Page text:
Farmers, families at mercy of supermarkets

A supermarket price gouging report has confirmed supermarkets are failing to treat farmers and families fairly.

Describing Australia’s supermarket sector as among the “most concentrated in the world”, the Australian Council of Trade Union (ACTU) inquiry led by former ACCC chief Allan Fels found major supermarkets had not only failed to pass on lower prices to consumers but had exercised market power over farmers and other suppliers.

NSW Farmers President Xavier Martin welcomed the findings of the inquiry, which confirmed the need for meaningful competition reform within the sector.

“The findings of this inquiry only strengthen our case that serious and intensive reform is necessary within our nation’s supermarket sector if fair prices for farmers and families are to be achieved,” Mr Martin said.

“For too long this staggering lack of competition in the sector has enabled the major supermarkets to exercise unfair market power over farmers and suppliers, leaving them with pitiful prices as profit margins increase.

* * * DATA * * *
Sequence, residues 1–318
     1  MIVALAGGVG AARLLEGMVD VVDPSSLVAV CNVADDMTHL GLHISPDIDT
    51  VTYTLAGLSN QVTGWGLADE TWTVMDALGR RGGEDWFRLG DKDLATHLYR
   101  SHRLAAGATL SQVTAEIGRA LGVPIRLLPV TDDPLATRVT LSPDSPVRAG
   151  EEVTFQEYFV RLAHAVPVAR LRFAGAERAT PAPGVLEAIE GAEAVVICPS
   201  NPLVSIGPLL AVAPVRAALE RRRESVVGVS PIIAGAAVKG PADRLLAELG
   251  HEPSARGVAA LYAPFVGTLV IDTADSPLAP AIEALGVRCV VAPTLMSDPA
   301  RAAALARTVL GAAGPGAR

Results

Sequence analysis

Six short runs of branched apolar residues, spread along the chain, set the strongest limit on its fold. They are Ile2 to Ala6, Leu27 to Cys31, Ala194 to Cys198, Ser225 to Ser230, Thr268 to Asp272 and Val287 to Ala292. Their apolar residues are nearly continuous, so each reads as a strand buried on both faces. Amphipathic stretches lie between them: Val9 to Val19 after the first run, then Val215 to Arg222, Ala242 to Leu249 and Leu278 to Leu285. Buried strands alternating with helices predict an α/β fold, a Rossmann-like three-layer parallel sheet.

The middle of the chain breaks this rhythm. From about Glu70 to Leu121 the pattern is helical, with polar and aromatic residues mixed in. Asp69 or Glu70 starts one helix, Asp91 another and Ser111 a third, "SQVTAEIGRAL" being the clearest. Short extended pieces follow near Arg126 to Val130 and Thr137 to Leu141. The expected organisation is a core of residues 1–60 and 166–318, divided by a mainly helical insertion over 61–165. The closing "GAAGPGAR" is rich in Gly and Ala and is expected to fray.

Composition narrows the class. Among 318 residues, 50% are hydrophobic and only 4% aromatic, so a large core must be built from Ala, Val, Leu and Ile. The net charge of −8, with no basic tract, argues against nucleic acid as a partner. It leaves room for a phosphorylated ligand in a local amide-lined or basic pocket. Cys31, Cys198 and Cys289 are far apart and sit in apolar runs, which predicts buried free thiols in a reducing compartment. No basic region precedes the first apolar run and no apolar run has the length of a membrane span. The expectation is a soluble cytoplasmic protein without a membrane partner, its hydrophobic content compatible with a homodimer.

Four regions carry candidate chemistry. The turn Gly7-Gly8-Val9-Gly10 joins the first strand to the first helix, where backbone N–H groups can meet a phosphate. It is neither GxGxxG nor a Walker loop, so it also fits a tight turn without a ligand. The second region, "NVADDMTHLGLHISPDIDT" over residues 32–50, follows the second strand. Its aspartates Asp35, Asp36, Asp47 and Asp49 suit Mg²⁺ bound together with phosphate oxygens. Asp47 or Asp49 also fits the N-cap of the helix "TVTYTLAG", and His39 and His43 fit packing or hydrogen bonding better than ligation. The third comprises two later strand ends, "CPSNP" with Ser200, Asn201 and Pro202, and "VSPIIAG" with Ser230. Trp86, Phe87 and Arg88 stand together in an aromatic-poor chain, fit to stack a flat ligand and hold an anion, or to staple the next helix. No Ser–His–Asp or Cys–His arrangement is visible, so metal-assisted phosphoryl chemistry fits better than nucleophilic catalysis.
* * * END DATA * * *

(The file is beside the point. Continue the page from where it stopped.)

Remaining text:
“It’s not fair on farmers and it’s hurting families – and action to bring this behavior to account is long overdue.”

The inquiry found government had failed to pay enough attention to pricing practices by supermarkets, who used ‘profit push’ pricing systems to extract huge margins from farmers and consumers.

“Professor Fels’ report clearly states that supermarkets have continued to drive their own profits up while failing to increase the prices farmers receive for their product at the farm gate,” Mr Martin said.

“The sector has also taken advantage of the lack of competition to exercise their power over consumers in a way that has added even more undue pressure on Australian households, as they face a cost-of-living crisis and significant inflation.

“All of this shows that meaningful competition reform must be set in motion – and now – before farmers are forced out of business and families can’t afford to pay their grocery bill.”

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